Roger Federer says longevity has underpinned his career
Known for his classic groundstrokes and graceful movement around the court, Roger Federer gave intriguing insight at the BNP Paribas Open on Sunday on how carefully he has mapped out his career.
California: Known for his classic groundstrokes and graceful movement around the court, Roger Federer gave intriguing insight at the BNP Paribas Open on Sunday on how carefully he has mapped out his career.
Just over a decade ago, the Swiss master became world number one for the first time but, instead of deciding to "chase money or more tournament victories", he and his team opted to focus on extending his competitive career for as long as possible.
"The idea was always (about) trying to be around the game for a long time," world number two Federer told reporters after cruising into the third round of the BNP Paribas Open with a commanding 6-4 6-2 victory over Argentina`s Diego Schwartzman.
"And for that in 2004, when I became world No. 1, I took a decision with my fitness coach at the time that we`re going to plan long-term. Whatever we will do, we will plan long-term.
"Sure, we can chase money or more tournament victories. We can play more frequently, train harder, whatever we will do. But we decided we will try to stay around 20 tournaments during the year, which is a lower number."
During the 1990s, many players competed in at least 30 tournaments each year and Federer cited the example of Russia`s former world number one Yevgeny Kafelnikov, who clinched the 1996 French Open and the 1999 Australian Open.
"If you look back, Kafelnikov used to play 30 or 32 events back in the day," said the 33-year-old Swiss, a 17-times grand slam singles champion. "I said that`s not something I really want to do.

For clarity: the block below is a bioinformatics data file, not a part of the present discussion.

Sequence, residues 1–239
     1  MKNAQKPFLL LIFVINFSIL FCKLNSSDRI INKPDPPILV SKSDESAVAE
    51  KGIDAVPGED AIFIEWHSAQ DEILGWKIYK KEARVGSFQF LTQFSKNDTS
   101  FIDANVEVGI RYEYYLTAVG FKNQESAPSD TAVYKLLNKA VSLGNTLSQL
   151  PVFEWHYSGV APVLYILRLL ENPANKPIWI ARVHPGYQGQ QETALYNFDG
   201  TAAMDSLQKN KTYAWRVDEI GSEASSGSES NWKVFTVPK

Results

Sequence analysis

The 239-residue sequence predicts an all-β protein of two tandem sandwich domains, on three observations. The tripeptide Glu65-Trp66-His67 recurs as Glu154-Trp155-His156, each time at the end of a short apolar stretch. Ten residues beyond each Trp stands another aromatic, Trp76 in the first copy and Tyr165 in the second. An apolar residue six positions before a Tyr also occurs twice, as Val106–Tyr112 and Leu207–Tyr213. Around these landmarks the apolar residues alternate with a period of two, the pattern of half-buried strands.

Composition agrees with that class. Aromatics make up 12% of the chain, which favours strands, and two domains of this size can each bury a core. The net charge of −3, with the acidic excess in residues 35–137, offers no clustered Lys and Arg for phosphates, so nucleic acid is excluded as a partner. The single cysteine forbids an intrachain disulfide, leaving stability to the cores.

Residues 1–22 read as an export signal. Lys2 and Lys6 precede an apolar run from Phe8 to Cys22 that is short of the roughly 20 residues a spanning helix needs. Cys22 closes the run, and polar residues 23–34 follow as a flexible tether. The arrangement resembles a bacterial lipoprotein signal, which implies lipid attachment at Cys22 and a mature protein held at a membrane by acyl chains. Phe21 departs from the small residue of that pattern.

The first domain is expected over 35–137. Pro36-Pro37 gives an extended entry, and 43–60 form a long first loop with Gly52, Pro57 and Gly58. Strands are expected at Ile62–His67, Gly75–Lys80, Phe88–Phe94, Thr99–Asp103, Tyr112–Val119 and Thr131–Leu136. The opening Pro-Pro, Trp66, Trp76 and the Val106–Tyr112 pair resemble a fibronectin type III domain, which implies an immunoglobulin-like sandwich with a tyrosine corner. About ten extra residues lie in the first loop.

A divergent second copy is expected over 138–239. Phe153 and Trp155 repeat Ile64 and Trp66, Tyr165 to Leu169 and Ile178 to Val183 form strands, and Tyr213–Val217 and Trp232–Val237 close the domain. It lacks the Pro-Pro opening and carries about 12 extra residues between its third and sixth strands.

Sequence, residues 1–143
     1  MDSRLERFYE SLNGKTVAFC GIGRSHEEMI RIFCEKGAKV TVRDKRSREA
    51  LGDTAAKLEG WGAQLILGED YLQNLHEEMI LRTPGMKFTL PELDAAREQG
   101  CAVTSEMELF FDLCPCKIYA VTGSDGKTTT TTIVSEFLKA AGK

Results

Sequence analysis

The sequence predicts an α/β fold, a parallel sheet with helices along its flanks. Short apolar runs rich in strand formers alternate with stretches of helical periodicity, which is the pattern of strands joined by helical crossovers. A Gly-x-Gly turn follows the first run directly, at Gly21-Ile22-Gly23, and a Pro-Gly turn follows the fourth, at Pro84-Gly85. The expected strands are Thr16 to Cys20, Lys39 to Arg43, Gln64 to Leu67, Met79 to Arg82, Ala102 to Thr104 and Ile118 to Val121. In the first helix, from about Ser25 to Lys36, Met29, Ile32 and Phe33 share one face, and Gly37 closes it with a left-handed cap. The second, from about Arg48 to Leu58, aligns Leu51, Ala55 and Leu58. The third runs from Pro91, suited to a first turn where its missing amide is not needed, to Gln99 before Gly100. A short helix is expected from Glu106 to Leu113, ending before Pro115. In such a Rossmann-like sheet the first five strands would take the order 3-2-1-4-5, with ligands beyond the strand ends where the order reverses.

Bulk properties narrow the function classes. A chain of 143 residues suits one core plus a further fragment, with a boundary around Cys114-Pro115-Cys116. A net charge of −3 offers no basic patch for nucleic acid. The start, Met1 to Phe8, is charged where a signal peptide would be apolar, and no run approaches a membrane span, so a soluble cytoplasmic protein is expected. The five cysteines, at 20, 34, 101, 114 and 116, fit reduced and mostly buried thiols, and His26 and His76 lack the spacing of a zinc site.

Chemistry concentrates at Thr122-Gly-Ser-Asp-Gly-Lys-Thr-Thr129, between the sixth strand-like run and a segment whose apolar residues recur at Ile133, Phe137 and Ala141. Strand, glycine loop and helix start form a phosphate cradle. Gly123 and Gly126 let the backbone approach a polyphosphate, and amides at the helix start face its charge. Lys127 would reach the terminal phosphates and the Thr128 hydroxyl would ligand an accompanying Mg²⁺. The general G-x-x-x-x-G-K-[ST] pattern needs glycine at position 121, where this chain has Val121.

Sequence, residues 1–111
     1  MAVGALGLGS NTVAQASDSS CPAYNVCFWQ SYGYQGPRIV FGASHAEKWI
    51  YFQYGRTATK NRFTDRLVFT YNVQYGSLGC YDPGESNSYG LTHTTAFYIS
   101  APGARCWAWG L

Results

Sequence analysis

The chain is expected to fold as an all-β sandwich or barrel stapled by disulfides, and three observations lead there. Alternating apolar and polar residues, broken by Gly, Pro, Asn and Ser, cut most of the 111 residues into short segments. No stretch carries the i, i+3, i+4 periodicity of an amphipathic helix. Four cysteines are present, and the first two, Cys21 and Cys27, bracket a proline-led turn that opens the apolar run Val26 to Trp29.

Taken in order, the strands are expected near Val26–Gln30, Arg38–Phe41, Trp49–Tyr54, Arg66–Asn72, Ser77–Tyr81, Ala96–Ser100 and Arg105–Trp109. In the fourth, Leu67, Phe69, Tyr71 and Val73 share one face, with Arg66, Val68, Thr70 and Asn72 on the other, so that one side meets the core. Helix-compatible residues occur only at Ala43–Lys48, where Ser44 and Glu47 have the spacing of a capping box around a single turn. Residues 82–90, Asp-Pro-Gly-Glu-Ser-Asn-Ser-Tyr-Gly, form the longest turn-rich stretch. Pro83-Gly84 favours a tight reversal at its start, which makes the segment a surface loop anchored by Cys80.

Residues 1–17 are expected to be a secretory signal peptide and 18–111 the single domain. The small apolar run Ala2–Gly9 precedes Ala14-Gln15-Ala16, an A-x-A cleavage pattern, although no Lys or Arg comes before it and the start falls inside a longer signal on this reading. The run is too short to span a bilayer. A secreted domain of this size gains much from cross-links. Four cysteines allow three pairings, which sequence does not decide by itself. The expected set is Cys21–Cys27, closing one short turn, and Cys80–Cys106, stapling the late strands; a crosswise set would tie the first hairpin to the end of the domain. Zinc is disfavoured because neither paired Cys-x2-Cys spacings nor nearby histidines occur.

"If I play, I want to play good. I want to play injury-free if possible, but of course all the top guys, we also play hurt.
"But the goal was to stay around for a long time. I did get inspired by seeing 32-year-olds, 35-year-olds, and actually I felt they almost did me a favour that I could play against them."
Federer, who believes he is playing some of the best tennis of his career at the age of 33, says he continues to learn about the game and is proud to be able to inspire younger players through his own example.
"My best memories are playing against the guys I used to see on TV," he said. "It`s not like I`m doing the young guys now a favour to still be around, but I think down the stretch it might be appreciated (by them).
"For me, it was important trying to stay around for as long as possible because I do love the game. I`m happy the plan worked, that at 33 I`m still being super competitive and healthy and happy to be on tour.
"I still believe I can improve my game ... I think you have to try to reinvent yourself. Tennis is actually one of those sports where I feel like you can always do better."